3 June 2016
Title: Therapy and the Counter-tradition: The edge of philosophy
Editors: Manu Bazzano & Julie Webb
Publisher: Routledge Date: 2016 Price: £31.99 pp.199
This is an unusual book, introducing us to the ways in which Nietzsche, Kierkegaard, Keats, Sartre, Rousseau, Camus, Deleuze, Mzerleau-Ponty, Irigary, Wittgenstein, Buddhism and many others relate somehow to psychotherapy. All these people are described as “natural accomplices in offering inspiring, bold and colourful narrative on the enigma, grandeur and ambiguity of being human”.
The book starts off with an enthusiastic blast on Nietzsche from Manu Bazzano. But as it goes on, it gets more and more convoluted and wordy, and in the end becomes virtually unreadable. At any rate I found it hard to read, and I am pretty familiar with Nietzsche - and Hegel, who he also quotes.
The next chapter is about Kierkegaard, and is by John Lippitt. This is very different - clear, lucid, readable, and a very attractive take on Kierkegaard, filled with a real understanding of what he is on about. This is worth anyone’s attention who is interested in the human condition.
Then comes a lovely chapter by Diana Voller, on John Keats and his notion of ‘negative capability’. This is a very important idea in therapy, meaning the abandonment of all ideas of certainty. To be unsure is the utmost wisdom for any therapist, and Voller deals with this issue with great care and subtlety.
Chapter 4 is by Nick Duffell, and deals with D H Lawrence. Again he makes the link with therapy, this time not quite so convincingly, in my opinion.
The next chapter is by Subhaga Gaetano Failla, an Italian, and is all about Blaise Pascal. This is brief, and a bit poetic, and I could not really see the connection with therapy, or indeed philosophy.
Then comes a chapter by Julie Webb, all about Judith Butler, who is of course much more up to date than any of the others mentioned so far, and is a feminist of some fame and standing. I found this chapter more relevant than any of those previous, and worth reading, even though quite challenging.
In the next chapter, Richard Pearce examines Jean-Paul Sartre. This is, I would say, an excellent chapter, which gives a real sense of what Sartre is saying and its relevance to therapy.
Then we come to Jean-Jacques Rousseau, examined by Federico Battistutta. I did not find this very helpful, or very relevant to therapy, and I am not sure why it was included.
And now, a chapter by James Belassie about Albert Camus. I found this too short to be really useful or informative. Six pages does not really enable us to come to terms with a profound writer like Camus.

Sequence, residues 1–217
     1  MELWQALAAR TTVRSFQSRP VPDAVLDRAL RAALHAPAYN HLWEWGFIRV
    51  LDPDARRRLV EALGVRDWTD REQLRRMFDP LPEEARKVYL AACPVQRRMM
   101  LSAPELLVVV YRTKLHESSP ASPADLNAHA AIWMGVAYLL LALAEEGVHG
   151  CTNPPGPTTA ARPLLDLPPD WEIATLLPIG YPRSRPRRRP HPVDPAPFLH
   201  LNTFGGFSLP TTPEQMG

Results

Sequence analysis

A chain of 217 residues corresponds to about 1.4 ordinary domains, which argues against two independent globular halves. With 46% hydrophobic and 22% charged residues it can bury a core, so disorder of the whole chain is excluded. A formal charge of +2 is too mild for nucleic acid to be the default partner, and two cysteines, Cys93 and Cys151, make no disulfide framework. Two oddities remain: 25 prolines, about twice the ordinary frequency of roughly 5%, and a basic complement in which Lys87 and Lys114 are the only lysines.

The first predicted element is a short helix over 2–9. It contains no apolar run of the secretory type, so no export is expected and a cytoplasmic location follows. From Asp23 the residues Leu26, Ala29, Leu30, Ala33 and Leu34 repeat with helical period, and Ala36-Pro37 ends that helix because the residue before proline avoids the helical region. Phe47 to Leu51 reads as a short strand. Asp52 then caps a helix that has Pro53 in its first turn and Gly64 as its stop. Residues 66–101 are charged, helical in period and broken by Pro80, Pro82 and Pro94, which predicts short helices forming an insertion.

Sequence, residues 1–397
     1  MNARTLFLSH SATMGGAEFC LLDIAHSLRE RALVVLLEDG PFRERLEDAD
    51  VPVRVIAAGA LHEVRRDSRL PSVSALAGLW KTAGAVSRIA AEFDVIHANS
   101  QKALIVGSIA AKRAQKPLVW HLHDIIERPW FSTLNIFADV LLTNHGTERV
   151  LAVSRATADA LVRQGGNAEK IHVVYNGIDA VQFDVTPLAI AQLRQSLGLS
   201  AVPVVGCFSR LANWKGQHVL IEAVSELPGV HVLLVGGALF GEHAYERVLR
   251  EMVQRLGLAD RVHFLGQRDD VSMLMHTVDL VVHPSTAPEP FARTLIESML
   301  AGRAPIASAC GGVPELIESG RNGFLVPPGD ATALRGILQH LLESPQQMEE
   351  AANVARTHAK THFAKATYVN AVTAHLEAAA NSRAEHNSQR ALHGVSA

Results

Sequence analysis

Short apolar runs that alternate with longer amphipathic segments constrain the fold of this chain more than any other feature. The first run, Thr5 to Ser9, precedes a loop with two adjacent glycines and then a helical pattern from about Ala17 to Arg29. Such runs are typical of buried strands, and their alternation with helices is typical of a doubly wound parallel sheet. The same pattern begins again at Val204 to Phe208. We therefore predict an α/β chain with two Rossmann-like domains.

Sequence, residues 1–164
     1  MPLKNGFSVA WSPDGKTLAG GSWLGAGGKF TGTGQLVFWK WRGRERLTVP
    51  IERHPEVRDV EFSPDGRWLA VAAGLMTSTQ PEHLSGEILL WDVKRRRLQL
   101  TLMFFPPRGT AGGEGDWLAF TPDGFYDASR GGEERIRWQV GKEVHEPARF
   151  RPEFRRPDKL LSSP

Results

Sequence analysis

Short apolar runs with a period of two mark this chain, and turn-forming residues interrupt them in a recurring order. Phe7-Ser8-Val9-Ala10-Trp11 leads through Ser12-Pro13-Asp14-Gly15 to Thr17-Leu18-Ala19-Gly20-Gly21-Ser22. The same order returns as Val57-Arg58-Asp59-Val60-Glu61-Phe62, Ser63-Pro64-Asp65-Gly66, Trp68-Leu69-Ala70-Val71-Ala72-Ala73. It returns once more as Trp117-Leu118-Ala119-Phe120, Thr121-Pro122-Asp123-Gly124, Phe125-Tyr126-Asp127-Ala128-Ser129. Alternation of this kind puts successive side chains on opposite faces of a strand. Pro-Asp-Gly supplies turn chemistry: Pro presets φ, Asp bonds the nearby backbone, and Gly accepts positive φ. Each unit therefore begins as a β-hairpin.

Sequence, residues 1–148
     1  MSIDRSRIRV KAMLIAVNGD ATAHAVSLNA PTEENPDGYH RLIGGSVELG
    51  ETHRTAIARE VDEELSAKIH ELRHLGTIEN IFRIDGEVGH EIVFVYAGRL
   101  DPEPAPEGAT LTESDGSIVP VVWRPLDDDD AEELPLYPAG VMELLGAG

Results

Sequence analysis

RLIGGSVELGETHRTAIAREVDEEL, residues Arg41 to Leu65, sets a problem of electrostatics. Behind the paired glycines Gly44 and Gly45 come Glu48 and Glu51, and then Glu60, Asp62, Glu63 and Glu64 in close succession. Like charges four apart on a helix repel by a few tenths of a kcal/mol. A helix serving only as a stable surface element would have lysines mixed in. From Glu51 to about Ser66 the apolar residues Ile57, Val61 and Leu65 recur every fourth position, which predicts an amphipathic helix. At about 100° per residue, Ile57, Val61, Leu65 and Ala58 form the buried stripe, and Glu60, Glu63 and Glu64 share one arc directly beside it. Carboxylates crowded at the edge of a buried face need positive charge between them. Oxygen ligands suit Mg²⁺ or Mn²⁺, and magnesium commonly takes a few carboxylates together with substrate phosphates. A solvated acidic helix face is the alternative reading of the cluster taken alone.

In Part 3, Bazzano tackles Gilles Deleuze, again a more recent writer. I found this a bit confusing and not very helpful.
And now we come to Maurice Merleau-Ponty as described by Paul Gordon - at last someone directly relevant to therapy, and much discussed in existentialist circles. This I found really relevant, and useful, well worth a read.
Chapter 12, by Eugenia Lapteva, is quite different. It is quite original, and starts off with the words: “Today, if you were to enter the word ‘selfie’ into the hashtag bar on your Instagram account, you or may not find yourself quite as astonished as I was to discover that there are nearly two hundred sixteen million photographs with the hashtag selfie posted on just one social media app.” She goes on to cover a wide range of thoughts, quoting Derrida, Blanchot, and others in a very modern way - although I could not see much relevance to therapy in any of it.
In the next brief chapter we are with Federico Battistutta again, this time talking about Luce Irigaray. He focuses on her later work, where she becomes deeply interested in Yoga and Buddhism. Again I did not find here much of interest to the therapist.
And so to Part 4, where we meet Ludwig Wittgenstein, with the help of Julie Webb again, who does make a real effort to say things that are relevant to the therapist. I liked it when she said: “Puzzlement seems to me to be a kind of wonder that is continually making anew, and it is this attitude that keeps me engaged in my work as a therapist; an attitude, which I feel is also an acknowledgement, of the wonder that I exist at all, not as a series of problems to be solved but as flesh and blood in the process of becoming human.”
Next we come to Schopenhauer, as seen by John Mackessy. This is one of the longer chapters, and the author really does make an effort which pays off, to show the relevance of this philosopher to the therapeutic mission.
And so we return to Wittgenstein, this time specifically related to Buddhism and to psychotherapy. It was well worth while to return to this writer, it seems to me, and this chapter is certainly relevant to the therapist.
The final chapter is by Devang Vaidya, and is all about fate.
To sum up, this book has much fascinating material in it, but is probably not to be tackled by the faint-hearted. It is very uneven, both in the length of the chapters and in the depth of the thinking. It was nice to see a book about therapy which was not dominated by the psychoanalysts: several of the writers here call themselves humanistic or person-centred.